@D. Henschen: Finance management is tough when there are so many resources at your disposal and you?ve got so many subsidiaries to take into account. Financial innovation requires marketing models and risk management that can get the better of any marketing analyst. Therefore what GE does (according to this article) is create low number teams of marketing analysts and gives them a lesser time frame, while the risk management is given to another department.
User Rank: Ninja
7/30/2014 | 4:19:55 PM
This particular thing seems to be a headache for every manager out there, and in a market where speed is of utmost importance, the risk management is also important because in the end, customer safety (both physical and digital) guarantees market forces. Some companies create the most secure software but in low volumes, and they also take the pinch when it comes to market leading attributes. GE is finding new tactics to set the graph between risk and speed a constant slope for a long time to come.
User Rank: Ninja
7/10/2014 | 1:34:24 PM
Re: Tech Leaders On Speed VS. Risk
Thanks for this, Chris. All these recaps from the InformationWeek Conference (a great event which is news to me) are really well-done and the videos are well cut together. After all, IT people aren't always known for being the most talkative bunch, and sometimes they're more excited to get off stage than to share their innovations (I know I'm in this camp!). You guys do a great a job of asking the right questions and making sure you capture the important bits. Indeed, we've had a handful or articles just on these processes at GE and Netflix alone, but I feel like I'm learning something new or getting a different take every time.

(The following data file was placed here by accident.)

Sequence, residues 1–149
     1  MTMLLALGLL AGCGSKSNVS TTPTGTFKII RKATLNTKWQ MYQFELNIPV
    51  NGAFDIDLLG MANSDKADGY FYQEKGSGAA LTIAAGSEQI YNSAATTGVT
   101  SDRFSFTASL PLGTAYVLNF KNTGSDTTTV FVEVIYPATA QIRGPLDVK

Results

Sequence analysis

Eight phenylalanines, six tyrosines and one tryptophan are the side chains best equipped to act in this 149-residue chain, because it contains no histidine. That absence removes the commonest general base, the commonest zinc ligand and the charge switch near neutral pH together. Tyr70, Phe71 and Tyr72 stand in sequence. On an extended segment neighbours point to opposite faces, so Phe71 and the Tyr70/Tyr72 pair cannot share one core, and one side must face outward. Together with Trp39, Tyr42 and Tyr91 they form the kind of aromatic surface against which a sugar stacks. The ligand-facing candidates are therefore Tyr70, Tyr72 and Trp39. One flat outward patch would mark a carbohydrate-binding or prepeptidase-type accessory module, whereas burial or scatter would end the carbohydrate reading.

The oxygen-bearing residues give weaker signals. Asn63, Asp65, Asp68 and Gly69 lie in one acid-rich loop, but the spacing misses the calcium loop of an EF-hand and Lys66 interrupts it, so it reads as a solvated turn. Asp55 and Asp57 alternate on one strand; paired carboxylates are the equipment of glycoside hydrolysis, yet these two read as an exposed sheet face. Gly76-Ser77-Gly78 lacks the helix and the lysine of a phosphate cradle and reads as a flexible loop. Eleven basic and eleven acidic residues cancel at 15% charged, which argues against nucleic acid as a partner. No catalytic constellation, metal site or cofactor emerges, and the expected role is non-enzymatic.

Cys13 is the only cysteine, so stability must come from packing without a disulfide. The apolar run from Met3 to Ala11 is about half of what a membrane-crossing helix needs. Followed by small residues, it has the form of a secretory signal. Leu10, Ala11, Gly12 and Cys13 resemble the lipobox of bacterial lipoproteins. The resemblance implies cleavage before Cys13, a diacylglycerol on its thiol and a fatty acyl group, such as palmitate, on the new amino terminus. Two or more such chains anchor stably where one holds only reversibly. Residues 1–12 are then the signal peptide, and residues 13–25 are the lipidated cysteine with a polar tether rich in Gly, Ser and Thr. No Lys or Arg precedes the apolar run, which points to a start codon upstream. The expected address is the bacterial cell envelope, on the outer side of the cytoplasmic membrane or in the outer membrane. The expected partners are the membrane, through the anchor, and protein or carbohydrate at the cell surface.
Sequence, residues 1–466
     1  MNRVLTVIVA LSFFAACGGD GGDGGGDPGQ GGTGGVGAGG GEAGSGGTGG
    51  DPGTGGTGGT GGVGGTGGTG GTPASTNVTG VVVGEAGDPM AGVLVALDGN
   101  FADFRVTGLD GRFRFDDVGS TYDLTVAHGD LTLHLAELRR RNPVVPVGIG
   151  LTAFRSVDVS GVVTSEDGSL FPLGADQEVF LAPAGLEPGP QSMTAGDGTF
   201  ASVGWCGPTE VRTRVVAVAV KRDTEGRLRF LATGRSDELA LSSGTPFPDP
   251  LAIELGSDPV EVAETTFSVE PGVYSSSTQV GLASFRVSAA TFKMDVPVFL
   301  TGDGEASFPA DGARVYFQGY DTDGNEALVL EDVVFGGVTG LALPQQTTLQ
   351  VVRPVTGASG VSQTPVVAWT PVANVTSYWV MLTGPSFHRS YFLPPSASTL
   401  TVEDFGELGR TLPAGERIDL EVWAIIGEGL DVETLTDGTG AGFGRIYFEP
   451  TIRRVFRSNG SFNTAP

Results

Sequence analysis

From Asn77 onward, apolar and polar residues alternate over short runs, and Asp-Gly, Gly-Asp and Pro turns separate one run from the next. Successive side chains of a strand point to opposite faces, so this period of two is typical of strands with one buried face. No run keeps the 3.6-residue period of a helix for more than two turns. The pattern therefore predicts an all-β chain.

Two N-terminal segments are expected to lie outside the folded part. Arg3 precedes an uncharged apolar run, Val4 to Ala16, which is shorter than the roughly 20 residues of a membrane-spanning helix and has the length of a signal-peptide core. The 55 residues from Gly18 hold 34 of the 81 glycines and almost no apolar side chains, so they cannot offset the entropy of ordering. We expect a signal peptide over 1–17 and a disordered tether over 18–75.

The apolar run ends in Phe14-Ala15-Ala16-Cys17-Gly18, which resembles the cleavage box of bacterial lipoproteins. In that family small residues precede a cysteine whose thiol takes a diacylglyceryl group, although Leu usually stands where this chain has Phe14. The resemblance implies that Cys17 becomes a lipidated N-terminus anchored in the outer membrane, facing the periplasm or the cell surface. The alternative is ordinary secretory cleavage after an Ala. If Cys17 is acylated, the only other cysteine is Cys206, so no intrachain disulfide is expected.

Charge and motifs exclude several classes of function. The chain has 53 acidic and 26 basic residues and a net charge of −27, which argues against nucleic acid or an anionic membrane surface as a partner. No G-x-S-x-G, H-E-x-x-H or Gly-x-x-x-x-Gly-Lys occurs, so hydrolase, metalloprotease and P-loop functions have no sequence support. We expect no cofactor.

It is true that smaller organisations iell have trouble replicating the muscle or finances of a GE or a Netflix, but that doesn't mean they can't replicate the agility. Indeed, it seems like GE is going out of it's way to take a page out of smaller organisations' playbooks with some of these changes. Sometimes, breakind down walls (in terms of processes and so forth) that we've had for such a long time sometimes makes us wonder what we needed them for in the first place. The chart from Mr. Cockcroft makes it seem pretty straightforward - why go through fives teams when you could go through three? However, for your individual organization, it's important to decide which two are the ones that are unnecessary and which processes you'd be better off without - it doesn't mean to axe everything.
User Rank: Author
7/9/2014 | 2:36:58 PM
Re: Requires incredible discipline
David, it definitely is a change in mentality to only develop that new feature, and to make everything else a common, reuseable service. But it's not just the developer, it's having an infrastructure that makes that service re-use feasible and practical.
D. Henschen
D. Henschen,
User Rank: Author
7/8/2014 | 2:17:11 PM
For every GE there are many Kodaks
For every company like GE -- going out of its way to embrace disruption -- there are all too many Kodaks. Kodak actually invented a lot of the patents around digital photography, but it couldn't get out of its own way and ended up in bankruptcy. The film business was too seductive a cash cow. The printer business was (and still seems to be) the hoped-for way to recreate the old razor-blade model (even though HP, Canon, Lexmark and others already had the market well covered).

We'll see if Fowler can bring this IOT model over to GE Finance. Seems like they have good headway on industrial innovation, but financial innovation is likely to be a different animal.
User Rank: Author
7/8/2014 | 11:27:05 AM
Fast Works
I expect more CEOs will follow Immelt's lead and demand a "Fast Works" approach as well. As for Cockcroft, he really seems to have given the developers rock star status inside Netflix, while effectively merging IT and business ops. He argues others can make this cultural leap too -- if they have the will. 
David F. Carr
David F. Carr,
User Rank: Author
7/8/2014 | 9:49:18 AM
Requires incredible discipline
The Netflix approach is impressive because it requires a lot of discipline to break functionality down into such atomic units. I think the more natural instinct for a developer is to create in bigger chunks.